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Oman’s Ministry of Commerce, Industry and Investment Promotion has issued Ministerial Resolution Number 18 of 2021, the executive regulations of the Law on Protection of Competition and Prevention of Monopoly (‘Regulations’) that supplement Royal Decree Number 67 of 2014 (‘Competition Law’). The Regulations, which took effect on 25 January 2021, clarify the interpretation of the Competition Law of Oman.
The Regulations will be of interest and importance to investors acquiring targets with a physical presence in Oman as well as large consumer orientated businesses selling products and services into the Omani market.
When advising on the competition law aspects of large M&A transactions involving an Omani target, legal practitioners in Oman have become accustomed to the document requests that have been sought by the Competition Authority in Oman. The Regulations now clarify the data and materials that are required whenever a request has been made for the creation of an economic concentration under Article 11 of the Competition Law.
In addition to adducing general market share data, specific information will be requested including information concerning key competitors, the effect of the economic concentration on the concerned market and the justification for the economic concentration, for example whether the national workforce is likely to be affected by the transaction. Details of approvals or clearances obtained from competition regulators in other jurisdictions will also be requested. As part of its decision making process the Ministry of Commerce, Industry and Investment Promotion will consider the following factors:
The Regulations re-state the position under the Competition Law, namely that the decision making process takes up to 90 days following filing of all requested documents and data. It is important to recognise that this 90 day period can be ‘frozen’ if documents have been requested but not provided, meaning that the actual decision making process is likely to exceed 90 days. Appeals against the decision taken under the Regulations and the Competition Law can be made within 60 days following issue of the decision.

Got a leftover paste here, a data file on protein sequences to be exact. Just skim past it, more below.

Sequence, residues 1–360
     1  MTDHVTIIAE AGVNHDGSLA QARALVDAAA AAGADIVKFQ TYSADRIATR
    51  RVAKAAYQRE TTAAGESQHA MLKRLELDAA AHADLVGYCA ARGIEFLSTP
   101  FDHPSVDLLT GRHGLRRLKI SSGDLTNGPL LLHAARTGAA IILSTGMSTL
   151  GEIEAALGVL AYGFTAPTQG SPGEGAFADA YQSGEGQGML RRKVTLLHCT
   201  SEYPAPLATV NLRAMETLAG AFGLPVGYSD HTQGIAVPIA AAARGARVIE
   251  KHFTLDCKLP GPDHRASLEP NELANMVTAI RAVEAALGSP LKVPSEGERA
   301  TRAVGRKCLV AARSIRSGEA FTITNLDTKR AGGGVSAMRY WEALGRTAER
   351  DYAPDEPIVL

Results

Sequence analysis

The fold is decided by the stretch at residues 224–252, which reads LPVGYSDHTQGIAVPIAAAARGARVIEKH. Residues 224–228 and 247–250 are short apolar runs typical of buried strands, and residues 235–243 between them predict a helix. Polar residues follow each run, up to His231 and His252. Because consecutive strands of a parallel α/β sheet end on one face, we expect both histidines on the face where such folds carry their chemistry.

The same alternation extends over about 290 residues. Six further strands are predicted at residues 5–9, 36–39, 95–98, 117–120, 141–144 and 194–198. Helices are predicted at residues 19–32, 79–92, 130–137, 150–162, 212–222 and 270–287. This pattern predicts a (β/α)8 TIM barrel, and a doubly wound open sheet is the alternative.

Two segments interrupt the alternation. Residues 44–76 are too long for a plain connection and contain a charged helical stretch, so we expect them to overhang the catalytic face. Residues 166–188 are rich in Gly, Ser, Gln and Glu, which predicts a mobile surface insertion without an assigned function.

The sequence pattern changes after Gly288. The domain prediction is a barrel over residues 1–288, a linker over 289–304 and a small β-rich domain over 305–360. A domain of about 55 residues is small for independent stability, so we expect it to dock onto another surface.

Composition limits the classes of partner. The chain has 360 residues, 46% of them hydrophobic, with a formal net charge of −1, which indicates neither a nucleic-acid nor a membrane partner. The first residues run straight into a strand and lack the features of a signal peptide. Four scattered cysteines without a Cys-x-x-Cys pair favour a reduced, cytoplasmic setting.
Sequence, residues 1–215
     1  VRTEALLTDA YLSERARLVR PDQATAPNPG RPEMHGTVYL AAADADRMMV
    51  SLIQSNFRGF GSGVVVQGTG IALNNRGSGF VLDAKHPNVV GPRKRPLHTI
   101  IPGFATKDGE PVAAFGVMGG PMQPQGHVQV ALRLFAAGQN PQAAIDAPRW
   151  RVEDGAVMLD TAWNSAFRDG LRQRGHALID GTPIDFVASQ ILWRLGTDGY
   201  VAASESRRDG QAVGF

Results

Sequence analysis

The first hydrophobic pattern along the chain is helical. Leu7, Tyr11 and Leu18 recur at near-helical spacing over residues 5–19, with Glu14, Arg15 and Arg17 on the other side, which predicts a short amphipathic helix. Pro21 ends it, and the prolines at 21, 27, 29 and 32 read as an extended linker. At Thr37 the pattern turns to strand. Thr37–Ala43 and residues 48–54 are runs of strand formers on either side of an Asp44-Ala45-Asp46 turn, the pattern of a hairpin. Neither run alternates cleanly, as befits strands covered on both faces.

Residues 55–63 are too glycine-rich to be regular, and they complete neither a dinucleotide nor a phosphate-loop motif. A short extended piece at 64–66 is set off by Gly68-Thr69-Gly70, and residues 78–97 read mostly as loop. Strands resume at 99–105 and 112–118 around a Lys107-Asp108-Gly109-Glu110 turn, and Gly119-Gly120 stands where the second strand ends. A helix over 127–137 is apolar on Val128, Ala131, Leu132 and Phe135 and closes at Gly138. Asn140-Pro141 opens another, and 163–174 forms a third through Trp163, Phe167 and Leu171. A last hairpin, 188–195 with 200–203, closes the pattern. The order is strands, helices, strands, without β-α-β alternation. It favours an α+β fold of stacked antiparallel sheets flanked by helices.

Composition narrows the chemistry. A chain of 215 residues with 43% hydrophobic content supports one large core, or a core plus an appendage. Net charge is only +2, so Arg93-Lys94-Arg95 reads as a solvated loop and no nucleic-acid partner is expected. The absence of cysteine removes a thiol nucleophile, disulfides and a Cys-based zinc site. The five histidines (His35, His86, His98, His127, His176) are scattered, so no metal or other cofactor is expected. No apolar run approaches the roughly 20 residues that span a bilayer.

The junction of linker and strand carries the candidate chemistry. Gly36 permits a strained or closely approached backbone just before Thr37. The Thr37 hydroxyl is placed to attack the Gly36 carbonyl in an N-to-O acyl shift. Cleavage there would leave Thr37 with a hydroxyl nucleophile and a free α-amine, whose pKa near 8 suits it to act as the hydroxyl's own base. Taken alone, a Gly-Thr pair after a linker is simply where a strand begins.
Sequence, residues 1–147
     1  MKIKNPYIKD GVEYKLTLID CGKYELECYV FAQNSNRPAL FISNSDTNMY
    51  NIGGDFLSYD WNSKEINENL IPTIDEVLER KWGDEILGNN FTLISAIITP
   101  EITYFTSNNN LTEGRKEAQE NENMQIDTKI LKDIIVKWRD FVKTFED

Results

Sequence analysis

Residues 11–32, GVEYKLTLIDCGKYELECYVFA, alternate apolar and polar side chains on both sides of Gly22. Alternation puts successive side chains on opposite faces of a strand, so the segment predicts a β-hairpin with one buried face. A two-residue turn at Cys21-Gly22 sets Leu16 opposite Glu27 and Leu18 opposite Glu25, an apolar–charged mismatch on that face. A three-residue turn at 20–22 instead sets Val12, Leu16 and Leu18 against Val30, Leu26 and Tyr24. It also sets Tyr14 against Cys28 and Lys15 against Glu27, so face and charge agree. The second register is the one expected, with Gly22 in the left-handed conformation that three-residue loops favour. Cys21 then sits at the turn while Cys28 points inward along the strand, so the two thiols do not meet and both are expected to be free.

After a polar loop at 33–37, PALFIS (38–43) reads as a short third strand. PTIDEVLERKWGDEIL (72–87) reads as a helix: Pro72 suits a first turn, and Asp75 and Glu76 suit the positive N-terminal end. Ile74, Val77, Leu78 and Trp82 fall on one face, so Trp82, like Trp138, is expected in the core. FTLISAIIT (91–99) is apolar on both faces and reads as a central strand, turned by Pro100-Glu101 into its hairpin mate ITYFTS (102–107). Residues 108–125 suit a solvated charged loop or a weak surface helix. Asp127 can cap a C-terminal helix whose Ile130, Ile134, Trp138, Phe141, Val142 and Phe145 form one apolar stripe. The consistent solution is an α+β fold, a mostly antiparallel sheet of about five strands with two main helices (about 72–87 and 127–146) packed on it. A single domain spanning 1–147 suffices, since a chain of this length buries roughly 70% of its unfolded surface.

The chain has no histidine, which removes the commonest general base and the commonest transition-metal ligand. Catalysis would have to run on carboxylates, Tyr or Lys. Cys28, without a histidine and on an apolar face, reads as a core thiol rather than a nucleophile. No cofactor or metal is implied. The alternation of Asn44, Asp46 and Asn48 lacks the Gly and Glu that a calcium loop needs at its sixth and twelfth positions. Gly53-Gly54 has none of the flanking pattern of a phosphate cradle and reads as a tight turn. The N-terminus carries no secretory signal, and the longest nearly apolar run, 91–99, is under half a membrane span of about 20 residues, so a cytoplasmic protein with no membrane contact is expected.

From a consumer perspective, the Competition Law seeks to restrict the taking of certain behaviour, either through the implementation of agreements or by one or more dominant market participants, that would have an adverse effect on the Omani market. Examples of such behaviour include clearly identifiable acts such as price collusion, predatory pricing and fixing re-sale prices.
It has always been necessary to determine the relevant market when assessing the effect of offending behaviour to ascertain whether such action falls within the scope of the Competition Law and the Regulations provide guidance on how the relevant market, which comprises a geographical market and a product market, is determined:
It is noteworthy that when determining both the relevant geographical market or the relevant product market, the Regulations state that feedback from customers and competitors will be considered.
Our Oman team advises on market leading M&A transactions across a range of sectors, including on the competition law issues that commonly arise on these transactions. We have tracked the changing regulatory landscape brought about by the Competition Law in 2014 and provided our clients with competition law advice including the submission of filings with the competition authority in Oman for many years. If you have any questions or would like to discuss this legal development in more detail, please do not hesitate to contact us.